6. at other times you give the hapless user no notice of your nefarious activities; you are a hit and run computer program
  7. some people actually PAY for the priviledge of using you, which fills me with angst
  8. when I identify you as the culprit, this creates enmity and distrust between the user and his computer, depriving said user of the comfort, security and enjoyment of computing
  9. you are like the living dead, i kill you and kill you and yet there you are lurking in the processes

A little off-topic, but consider it a public-service announcment. Also, this applies equally to McAfee. AVG and ClamWin offer high quality, FREE alternatives.

Rain closes University of Houston

No class today folks. Houston was hit with 10 inches of rain in the span of only a few hours this morning. Streets in the south-east Hobby-airport area are reporting significant flooding as well as some residences.

As much as 10.5 inches of rain was reported by the heart of the morning commute today, said Rusty Cornelius, administrative coordinator for Harris County Emergency Management. The National Weather Service issued a flash flood warning for Houston and Galveston counties until 10 a.m.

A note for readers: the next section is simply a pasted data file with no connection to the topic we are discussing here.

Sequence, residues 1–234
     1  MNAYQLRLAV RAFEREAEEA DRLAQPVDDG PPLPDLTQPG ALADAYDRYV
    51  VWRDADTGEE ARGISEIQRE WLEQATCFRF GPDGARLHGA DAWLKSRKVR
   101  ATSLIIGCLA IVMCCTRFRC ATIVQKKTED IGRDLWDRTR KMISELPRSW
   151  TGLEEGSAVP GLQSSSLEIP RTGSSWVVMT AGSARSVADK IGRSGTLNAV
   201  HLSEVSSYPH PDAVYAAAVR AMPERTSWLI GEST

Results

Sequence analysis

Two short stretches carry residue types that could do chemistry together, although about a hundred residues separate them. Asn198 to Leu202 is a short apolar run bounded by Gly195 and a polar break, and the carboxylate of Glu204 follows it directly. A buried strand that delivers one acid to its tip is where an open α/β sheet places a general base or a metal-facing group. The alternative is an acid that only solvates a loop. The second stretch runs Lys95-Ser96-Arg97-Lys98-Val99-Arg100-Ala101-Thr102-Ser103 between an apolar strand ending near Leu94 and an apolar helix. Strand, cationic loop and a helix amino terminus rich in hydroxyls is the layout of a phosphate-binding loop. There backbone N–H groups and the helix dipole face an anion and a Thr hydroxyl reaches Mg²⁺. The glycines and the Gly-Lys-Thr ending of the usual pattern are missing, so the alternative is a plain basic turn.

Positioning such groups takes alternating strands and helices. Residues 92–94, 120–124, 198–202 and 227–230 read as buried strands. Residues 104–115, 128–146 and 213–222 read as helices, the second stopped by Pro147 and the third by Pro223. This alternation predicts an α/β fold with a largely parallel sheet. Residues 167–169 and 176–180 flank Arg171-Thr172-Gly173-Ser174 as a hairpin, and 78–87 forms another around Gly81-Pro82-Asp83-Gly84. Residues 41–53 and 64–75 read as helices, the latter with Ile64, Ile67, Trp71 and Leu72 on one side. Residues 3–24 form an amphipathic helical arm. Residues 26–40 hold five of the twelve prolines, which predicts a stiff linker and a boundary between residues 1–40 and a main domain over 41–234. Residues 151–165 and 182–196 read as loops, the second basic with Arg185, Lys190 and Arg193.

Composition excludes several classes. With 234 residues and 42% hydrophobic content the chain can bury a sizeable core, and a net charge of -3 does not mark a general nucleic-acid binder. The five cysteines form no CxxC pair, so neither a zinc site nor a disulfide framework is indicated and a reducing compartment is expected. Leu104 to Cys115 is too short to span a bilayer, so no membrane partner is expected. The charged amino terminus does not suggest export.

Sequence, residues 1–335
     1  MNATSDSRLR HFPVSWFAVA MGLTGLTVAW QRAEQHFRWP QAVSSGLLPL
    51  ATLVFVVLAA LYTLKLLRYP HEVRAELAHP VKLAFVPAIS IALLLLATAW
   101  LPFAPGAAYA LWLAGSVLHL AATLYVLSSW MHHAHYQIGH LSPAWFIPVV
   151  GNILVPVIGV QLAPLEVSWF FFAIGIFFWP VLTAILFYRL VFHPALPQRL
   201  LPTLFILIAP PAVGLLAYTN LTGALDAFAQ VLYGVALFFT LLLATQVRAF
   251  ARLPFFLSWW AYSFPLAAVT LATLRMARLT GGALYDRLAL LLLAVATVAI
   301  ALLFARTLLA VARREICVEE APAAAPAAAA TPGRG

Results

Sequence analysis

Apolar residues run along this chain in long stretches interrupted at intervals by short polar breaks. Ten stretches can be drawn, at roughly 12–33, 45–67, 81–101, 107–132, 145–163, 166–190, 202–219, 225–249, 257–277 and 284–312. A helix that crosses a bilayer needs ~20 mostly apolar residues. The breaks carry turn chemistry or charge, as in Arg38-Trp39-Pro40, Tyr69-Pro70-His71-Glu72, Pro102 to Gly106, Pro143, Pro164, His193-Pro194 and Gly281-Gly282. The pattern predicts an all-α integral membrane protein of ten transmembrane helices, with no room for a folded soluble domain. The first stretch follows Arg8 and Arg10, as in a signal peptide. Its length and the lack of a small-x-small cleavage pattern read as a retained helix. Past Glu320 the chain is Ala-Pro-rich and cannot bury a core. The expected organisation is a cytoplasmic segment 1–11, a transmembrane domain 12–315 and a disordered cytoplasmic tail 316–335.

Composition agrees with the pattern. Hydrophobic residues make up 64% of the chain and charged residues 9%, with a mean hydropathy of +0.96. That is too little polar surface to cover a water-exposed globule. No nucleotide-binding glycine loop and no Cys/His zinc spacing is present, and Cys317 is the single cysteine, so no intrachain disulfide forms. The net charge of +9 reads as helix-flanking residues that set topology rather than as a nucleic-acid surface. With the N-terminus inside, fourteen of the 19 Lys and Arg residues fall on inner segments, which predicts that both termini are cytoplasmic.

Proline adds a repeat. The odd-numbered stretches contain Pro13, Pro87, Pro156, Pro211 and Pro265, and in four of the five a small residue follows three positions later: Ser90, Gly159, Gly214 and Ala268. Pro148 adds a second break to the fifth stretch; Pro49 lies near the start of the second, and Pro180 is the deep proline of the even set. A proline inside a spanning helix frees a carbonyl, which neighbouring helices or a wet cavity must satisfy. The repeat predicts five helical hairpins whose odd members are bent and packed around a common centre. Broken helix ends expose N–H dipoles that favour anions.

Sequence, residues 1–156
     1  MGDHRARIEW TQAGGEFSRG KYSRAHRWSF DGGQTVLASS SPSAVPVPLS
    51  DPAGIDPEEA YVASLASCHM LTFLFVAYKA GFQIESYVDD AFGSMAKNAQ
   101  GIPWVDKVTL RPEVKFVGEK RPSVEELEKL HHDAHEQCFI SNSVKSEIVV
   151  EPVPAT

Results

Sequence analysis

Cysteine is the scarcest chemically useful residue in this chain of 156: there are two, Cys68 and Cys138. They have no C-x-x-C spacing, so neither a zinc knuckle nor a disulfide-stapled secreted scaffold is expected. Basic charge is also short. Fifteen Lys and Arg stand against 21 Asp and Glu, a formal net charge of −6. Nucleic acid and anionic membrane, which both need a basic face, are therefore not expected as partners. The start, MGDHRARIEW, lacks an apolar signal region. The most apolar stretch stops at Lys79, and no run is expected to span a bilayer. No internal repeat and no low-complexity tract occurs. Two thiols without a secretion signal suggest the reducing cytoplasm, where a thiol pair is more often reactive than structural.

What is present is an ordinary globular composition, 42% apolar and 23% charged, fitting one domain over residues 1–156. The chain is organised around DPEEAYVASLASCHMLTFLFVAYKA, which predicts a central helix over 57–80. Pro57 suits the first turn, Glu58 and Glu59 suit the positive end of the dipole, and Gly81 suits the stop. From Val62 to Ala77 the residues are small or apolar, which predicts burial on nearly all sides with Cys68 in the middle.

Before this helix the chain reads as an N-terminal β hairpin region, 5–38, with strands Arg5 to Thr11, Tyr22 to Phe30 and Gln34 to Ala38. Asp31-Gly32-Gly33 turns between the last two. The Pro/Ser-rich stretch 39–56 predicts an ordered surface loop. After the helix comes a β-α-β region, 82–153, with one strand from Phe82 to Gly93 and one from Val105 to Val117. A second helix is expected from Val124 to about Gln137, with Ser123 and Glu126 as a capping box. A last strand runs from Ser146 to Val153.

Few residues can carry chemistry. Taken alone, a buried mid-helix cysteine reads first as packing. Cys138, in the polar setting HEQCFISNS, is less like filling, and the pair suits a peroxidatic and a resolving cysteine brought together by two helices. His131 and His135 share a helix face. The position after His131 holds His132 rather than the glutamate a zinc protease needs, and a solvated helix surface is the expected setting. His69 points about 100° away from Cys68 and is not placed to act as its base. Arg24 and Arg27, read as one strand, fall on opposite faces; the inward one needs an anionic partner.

Houston Chronicle: Heavy rains prompt flood watch, road closures

KHOU has extended video coverage. Weather predictions for Houston are showing more rain throughout the week.

Jennifer Granick, Wired Legal Columnist, Granick Slate

If anyone has an interest in practicing law on the frontiers of technology, as I do, then Jennifer Granick’s Wired column is a can’t miss.

She also keeps her own blog choc full of interesting, useful information. I’m particularly enamored of the Granick Slate (see an example here .pdf) which outlines the issues in front of voters in every upcoming California election along with straight-forward, insightful and witty advice. It’s like getting a good talking-to from a more knowledgable person just before you enter the polling booth.

I really wish someone did this as effectively for Texas voters. If anyone knows of a similar resource, please let me (and everyone else) know in the comments.